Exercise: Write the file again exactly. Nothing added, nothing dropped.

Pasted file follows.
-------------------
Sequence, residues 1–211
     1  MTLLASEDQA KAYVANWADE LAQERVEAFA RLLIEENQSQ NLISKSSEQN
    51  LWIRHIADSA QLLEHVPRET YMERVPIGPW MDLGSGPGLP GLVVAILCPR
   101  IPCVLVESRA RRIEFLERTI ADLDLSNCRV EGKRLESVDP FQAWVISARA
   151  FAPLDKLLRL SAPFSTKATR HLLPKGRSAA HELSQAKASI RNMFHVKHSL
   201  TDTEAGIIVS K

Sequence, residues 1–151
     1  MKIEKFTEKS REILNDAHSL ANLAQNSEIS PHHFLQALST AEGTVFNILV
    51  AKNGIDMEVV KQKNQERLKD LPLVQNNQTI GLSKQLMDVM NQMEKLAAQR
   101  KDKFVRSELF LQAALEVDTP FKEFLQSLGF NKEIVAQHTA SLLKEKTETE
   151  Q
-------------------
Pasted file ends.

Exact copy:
Sequence, residues 1–211
     1  MTLLASEDQA KAYVANWADE LAQERVEAFA RLLIEENQSQ NLISKSSEQN
    51  LWIRHIADSA QLLEHVPRET YMERVPIGPW MDLGSGPGLP GLVVAILCPR
   101  IPCVLVESRA RRIEFLERTI ADLDLSNCRV EGKRLESVDP FQAWVISARA
   151  FAPLDKLLRL SAPFSTKATR HLLPKGRSAA HELSQAKASI RNMFHVKHSL
   201  TDTEAGIIVS K

Sequence, residues 1–151
     1  MKIEKFTEKS REILNDAHSL ANLAQNSEIS PHHFLQALST AEGTVFNILV
    51  AKNGIDMEVV KQKNQERLKD LPLVQNNQTI GLSKQLMDVM NQMEKLAAQR
   101  KDKFVRSELF LQAALEVDTP FKEFLQSLGF NKEIVAQHTA SLLKEKTETE
   151  Q